It's hard to imagine a Christmas table without herring - most housewives prepare it according to their own recipes, often inherited from their mothers or grandmothers. To add variety to the traditional dishes, you can try something new, such as the special Matjes herring, which will surprise you with a different taste and a very delicate texture.
Matjes is a young, "innocent" herring caught in the North Sea. It is caught in the first year of its life, when it has not yet developed its roe and milt. They are still white, young and immature.
Matjes herring is a very high-fat fish, typically around 23% fat, and a wonderful source of omega-3 fatty acids. This fat content decreases as the herring begins to mature, with the more common herring, usually caught in the 2nd or 3rd year of its life, having a fat content of just 15 percent.
Matjes herring is fresh, never frozen before, and is not for sale. As soon as it is caught, it is covered with a salt brine of sea water and frozen, which is compulsory in order to kill various bacteria. Herring frozen in this way can be kept for a whole year.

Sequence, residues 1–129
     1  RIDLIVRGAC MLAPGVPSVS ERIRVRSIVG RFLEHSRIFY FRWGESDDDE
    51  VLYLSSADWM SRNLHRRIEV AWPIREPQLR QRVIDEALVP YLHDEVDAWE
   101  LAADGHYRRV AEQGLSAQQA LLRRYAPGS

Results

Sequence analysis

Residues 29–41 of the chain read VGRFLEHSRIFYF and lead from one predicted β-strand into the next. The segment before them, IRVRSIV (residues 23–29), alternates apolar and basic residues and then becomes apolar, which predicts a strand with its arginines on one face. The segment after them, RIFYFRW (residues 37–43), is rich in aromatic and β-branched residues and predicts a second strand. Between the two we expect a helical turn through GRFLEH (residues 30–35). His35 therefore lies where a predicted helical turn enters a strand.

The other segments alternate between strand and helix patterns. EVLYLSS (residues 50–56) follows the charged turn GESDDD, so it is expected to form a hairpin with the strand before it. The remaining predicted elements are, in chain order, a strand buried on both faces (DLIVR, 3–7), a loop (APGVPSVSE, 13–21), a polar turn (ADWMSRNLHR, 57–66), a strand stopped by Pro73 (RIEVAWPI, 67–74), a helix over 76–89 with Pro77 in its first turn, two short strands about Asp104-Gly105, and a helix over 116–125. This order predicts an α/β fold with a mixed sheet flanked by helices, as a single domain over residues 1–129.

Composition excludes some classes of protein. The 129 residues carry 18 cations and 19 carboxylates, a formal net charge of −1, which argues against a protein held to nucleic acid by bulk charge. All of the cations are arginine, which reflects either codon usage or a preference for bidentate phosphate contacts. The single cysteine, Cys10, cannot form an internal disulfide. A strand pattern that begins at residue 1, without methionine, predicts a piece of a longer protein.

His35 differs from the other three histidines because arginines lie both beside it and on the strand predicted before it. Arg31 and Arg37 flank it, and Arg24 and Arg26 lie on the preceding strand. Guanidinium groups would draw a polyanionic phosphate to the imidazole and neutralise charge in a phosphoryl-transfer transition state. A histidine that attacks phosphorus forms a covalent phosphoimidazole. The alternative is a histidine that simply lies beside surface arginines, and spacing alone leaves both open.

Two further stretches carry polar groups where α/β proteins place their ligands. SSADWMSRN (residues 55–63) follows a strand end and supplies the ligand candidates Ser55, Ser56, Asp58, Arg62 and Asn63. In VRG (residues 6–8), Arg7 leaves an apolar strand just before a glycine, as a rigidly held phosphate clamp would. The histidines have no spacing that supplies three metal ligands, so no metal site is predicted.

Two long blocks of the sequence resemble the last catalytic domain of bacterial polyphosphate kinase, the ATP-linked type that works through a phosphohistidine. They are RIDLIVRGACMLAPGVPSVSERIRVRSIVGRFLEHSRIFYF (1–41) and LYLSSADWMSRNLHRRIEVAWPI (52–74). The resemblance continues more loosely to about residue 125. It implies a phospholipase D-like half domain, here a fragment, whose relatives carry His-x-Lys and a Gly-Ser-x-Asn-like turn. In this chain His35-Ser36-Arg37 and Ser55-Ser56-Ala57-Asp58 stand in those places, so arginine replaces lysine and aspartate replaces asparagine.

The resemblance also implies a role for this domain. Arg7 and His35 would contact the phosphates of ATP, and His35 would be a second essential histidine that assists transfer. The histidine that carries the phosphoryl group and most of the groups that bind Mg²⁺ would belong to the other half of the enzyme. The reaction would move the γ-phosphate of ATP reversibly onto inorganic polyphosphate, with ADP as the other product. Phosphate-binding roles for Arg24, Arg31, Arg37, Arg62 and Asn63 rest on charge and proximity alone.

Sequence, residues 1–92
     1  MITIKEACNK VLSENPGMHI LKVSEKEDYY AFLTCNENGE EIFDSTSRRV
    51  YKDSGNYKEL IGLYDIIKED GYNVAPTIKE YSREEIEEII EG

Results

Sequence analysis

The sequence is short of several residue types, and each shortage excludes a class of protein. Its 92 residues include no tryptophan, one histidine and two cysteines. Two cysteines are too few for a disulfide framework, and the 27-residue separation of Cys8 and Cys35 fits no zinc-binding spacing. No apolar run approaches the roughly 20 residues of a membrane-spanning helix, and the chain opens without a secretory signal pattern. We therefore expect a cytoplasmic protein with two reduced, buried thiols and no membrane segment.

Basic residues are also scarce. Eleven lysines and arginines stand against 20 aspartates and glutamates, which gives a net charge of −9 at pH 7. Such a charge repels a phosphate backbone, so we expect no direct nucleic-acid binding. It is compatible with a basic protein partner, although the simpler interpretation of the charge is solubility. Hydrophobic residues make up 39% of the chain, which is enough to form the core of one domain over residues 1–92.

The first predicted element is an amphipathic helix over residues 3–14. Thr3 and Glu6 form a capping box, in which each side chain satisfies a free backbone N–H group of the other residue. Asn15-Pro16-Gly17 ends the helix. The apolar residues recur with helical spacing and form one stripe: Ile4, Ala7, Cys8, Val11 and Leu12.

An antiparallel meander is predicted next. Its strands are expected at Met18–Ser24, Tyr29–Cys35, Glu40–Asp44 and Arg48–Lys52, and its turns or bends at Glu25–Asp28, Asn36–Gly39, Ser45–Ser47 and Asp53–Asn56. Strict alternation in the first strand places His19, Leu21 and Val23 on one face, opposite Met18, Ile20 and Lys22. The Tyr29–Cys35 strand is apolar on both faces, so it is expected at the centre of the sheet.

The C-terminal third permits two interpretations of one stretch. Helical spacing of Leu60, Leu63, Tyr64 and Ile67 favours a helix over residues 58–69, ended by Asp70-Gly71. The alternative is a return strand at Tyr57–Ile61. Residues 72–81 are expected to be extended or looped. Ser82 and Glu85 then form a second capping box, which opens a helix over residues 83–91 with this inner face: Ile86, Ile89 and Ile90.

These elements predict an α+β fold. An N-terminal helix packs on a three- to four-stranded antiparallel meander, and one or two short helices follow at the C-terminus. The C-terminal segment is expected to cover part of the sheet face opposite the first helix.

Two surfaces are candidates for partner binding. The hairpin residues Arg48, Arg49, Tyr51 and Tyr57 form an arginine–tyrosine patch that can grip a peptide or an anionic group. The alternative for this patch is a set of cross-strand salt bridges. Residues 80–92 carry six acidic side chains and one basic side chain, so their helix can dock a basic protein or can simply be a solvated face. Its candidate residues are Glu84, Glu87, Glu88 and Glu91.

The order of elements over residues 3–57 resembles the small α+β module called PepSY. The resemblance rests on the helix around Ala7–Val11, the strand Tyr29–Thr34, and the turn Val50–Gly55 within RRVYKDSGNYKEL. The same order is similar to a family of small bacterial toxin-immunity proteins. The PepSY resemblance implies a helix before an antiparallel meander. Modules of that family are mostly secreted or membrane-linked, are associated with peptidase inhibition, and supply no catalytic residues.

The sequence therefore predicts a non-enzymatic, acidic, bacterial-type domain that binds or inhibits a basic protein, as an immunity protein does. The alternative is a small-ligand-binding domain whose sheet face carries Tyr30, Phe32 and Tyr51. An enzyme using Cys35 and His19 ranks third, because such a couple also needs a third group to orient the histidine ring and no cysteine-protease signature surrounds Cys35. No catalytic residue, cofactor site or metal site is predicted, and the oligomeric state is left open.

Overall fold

Once it is thawed, it is ready to eat - Dutch people usually buy herring in buckets of 5-10 kilos and finish the fish themselves at home. Those who are too lazy or unwilling to do so stop for a taste of Matjes at the street stalls, which are plentiful in Dutch cities. And you don't have to wait for a holiday to get there.
Dutch people don't usually serve Matjes herring with any salad, nor do they hide it under any other condiments - they eat it whole, just rolled in chopped onions, sometimes with a bite of black bread and/or a pickle. The Germans, who are also big fans of herring, often eat it stuffed in a bun, and some make Matjes herring tartare or other more elaborate snacks. And this time it's my much-loved, unusual herring dish, which is very tasty!